Subjects recorded their detailed food and beverage intake over the next 24 hours after each session [12]. Portion guidelines and examples were provided to record time, food eaten, amount, food description and preparation method. Nutrition Data System for Research (NDSR, 2011) software was used to analyze the nutrition information of all the meals, including total kilocalories, macronutrient and fiber content.
Data analysis
Subject demographic characteristics were presented by gender as mean ± standard deviation. Repeated VAS responses at a study visit were summarized as area under the curve (AUC) by the trapezoidal rule, for each outcome separately. GI symptoms were combined using the sum score of all the symptoms. Treatments were compared using mixed-effects linear models with treatment, gender, and visit as fixed effects, and with a random intercept for each subject to model correlation between repeated measurements from the same subject. For each outcome, equal carryover and treatment-visit interaction were checked by these mixed-effects models, and were judged not significant. Outcomes were reported as mean ± SEM. Significant difference was determined by two sided test when p<0.05. Statistical analysis was performed by SAS version 9.2.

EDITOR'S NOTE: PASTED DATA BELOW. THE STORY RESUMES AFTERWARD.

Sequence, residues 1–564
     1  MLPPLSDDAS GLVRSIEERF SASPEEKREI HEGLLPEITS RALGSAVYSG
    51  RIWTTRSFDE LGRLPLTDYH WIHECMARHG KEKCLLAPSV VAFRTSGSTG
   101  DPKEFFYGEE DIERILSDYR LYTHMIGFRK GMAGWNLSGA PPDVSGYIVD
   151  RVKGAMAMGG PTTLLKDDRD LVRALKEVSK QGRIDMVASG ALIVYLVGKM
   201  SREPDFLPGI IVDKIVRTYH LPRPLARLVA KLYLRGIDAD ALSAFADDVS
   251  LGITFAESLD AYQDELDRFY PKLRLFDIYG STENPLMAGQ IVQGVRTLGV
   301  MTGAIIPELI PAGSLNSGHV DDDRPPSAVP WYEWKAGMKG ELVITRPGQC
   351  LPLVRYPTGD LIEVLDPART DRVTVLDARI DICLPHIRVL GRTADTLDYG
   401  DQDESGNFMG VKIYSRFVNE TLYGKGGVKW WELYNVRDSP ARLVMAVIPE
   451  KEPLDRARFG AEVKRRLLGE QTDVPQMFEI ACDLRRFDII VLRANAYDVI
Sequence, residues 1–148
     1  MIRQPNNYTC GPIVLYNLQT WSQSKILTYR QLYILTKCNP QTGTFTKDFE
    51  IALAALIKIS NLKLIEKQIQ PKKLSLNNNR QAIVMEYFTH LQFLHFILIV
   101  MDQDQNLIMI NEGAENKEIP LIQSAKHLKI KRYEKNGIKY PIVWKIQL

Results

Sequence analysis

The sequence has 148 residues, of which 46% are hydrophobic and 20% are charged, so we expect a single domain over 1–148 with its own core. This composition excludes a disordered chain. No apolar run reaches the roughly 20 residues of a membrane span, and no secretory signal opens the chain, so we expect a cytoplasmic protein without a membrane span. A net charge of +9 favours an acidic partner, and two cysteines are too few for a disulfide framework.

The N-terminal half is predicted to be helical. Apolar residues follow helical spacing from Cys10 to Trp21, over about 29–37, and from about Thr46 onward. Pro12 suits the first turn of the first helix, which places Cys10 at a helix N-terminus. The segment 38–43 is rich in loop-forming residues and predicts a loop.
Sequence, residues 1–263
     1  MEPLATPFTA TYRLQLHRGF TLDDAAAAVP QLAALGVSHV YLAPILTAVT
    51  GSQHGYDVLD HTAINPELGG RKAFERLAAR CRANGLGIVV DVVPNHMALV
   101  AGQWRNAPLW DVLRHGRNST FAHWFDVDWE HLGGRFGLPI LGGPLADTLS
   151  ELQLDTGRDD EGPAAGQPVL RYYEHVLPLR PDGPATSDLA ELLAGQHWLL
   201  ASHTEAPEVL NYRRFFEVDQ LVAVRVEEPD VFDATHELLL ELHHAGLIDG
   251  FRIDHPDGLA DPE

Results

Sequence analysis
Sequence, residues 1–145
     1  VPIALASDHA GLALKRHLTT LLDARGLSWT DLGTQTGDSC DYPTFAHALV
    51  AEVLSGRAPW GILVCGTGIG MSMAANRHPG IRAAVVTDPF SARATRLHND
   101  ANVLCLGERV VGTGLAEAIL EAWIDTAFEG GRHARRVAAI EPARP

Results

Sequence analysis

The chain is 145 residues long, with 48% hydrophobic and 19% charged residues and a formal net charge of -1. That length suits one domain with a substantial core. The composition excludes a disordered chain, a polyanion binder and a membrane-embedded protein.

Participant characteristics
Twenty healthy subjects, ten males and ten females participated in the study. Overall mean age was 26.0 ± 6 years, and mean BMI was 23 ± 2; there were no gender differences in age or BMI.
Satiety: visual analogue scales
Satisfaction and fullness AUC were higher after both white rice and brown rice compared with glucose beverage; hunger and prospective food intake were lower after both white rice and brown rice compared with glucose beverage (Figures 1-4). There were no differences between the two rice breakfasts.